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MonkeyNotes-Henry VI, Part 1 by William Shakespeare

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Act I, Scene IV


A few English noblemen including Talbot are gathered on the
turrets around the city of Orleans. They can look into the city
through a grate of iron bars. As they are surveying the French
defense through the grate a young boy shoots them. Lord
Salisbury and Sir Gargrave are badly wounded. Talbot
promises to avenge them against the French. Soon he is
informed that the Dauphin, along with Joan La Lucelle, is
attacking the English who have laid siege to Orleans. Talbot
conveys the dying Salisbury to his tent and gets ready to do
battle with the French.


English chivalry and heroism is personified in the forms of
Talbot and Salisbury. They are possessed of virtues that have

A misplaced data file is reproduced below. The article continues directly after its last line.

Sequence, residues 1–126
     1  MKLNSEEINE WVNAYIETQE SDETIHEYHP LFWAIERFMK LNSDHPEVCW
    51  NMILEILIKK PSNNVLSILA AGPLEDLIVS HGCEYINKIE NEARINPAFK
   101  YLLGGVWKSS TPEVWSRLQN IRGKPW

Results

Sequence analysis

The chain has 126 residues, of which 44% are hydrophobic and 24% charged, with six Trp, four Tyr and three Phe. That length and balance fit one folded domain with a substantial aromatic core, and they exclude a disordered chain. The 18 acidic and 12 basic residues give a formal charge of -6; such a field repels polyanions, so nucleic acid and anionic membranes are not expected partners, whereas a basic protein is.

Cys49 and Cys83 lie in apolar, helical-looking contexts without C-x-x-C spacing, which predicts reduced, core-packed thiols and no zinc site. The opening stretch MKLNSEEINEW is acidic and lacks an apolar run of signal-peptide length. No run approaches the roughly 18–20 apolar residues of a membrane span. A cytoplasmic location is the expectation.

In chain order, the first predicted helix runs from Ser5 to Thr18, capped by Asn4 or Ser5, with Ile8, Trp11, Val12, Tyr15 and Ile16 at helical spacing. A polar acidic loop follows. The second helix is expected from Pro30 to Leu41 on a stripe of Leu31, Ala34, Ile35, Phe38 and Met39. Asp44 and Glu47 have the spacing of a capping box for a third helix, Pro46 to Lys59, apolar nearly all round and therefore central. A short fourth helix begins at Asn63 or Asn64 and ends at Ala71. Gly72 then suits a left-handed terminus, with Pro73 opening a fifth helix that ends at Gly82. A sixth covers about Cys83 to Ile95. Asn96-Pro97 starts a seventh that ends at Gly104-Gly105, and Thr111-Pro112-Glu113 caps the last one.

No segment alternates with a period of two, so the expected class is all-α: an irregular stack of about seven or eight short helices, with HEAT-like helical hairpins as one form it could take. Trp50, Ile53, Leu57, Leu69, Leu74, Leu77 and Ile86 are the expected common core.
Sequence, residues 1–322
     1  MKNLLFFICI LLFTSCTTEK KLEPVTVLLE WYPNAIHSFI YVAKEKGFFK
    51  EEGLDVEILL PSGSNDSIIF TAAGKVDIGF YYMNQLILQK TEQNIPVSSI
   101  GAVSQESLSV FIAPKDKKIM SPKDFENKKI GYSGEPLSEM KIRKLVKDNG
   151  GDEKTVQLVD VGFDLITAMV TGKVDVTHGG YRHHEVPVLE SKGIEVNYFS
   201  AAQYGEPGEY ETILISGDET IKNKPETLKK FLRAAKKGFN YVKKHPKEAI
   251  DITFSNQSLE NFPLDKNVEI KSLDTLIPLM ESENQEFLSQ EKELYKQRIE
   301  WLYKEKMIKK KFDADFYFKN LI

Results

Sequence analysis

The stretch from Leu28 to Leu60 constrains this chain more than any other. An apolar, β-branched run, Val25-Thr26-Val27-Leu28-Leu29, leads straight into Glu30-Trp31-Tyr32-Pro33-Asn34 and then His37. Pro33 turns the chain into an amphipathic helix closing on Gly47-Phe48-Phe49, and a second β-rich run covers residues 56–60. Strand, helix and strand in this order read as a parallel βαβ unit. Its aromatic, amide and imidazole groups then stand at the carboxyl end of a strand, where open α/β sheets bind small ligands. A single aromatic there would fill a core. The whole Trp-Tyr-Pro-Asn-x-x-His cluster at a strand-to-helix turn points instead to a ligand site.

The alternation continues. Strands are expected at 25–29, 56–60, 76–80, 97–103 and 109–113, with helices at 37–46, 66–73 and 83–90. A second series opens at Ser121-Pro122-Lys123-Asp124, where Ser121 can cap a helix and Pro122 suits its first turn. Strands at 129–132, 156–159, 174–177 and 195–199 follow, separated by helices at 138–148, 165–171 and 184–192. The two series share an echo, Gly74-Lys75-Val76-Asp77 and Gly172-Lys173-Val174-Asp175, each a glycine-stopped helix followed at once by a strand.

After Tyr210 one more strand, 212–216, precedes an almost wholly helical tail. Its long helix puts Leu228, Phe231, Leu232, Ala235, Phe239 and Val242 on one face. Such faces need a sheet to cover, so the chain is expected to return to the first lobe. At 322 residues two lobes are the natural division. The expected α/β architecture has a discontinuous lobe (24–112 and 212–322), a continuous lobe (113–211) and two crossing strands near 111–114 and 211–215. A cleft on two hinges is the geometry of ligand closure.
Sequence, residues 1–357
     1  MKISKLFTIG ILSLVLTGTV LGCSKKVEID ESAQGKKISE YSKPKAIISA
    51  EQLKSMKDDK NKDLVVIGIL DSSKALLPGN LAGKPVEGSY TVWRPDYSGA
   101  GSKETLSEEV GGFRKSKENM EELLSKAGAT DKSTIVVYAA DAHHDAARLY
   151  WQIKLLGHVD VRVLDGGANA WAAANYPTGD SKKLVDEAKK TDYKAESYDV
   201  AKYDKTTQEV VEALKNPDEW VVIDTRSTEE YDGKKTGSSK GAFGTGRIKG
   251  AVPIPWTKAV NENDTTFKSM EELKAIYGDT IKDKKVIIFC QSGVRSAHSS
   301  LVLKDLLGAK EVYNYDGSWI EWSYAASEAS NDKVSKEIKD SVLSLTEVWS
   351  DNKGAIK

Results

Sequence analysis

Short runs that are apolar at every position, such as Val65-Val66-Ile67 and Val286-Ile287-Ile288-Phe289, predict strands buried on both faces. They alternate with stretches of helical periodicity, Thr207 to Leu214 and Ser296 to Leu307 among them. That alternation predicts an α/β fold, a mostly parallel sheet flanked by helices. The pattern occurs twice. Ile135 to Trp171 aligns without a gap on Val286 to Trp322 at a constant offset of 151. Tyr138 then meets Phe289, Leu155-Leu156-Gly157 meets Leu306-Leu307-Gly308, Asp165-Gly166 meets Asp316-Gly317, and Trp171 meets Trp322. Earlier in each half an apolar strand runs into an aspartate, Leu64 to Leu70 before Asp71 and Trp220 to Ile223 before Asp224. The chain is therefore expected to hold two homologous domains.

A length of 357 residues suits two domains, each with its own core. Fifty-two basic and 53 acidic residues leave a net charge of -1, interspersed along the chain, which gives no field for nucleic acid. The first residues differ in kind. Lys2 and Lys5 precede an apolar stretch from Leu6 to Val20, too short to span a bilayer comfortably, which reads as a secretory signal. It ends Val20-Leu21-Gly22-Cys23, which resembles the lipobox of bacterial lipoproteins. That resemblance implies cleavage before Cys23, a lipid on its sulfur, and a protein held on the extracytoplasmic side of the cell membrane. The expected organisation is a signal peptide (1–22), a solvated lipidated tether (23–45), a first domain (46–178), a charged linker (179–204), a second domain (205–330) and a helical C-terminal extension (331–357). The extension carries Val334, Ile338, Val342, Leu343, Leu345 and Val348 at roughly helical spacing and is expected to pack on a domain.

made England great and led to the defeat of France. Honor is
an integral part of their conduct. The extent to which it is
cherished is shown by Talbotís declaration that he preferred
death rather than be exchanged " with a laser man."

This is a scene of tragic irony that leads to the death of
Salisbury and Gargrave. Its irony lies in the fortuitous nature of
the affair, the unwarranted complacency of the victims and the
destruction of Salisbury by a mere child. Talbot, not knowing
who has fired the gun, compounds the irony by cursing the
hand that destroyed him. Only the spectator know how
fortuitously the tragedy has occurred.

Even as he is grieving for his dying friend Talbot has to
prepare to fight the French. The violence of his feelings and the
gruesome aspects of war are highlighted by his words, "Your
hearts Iíll stamp out ... and made a quagmire if your mingled

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MonkeyNotes-Henry VI, Part 1 by William Shakespeare

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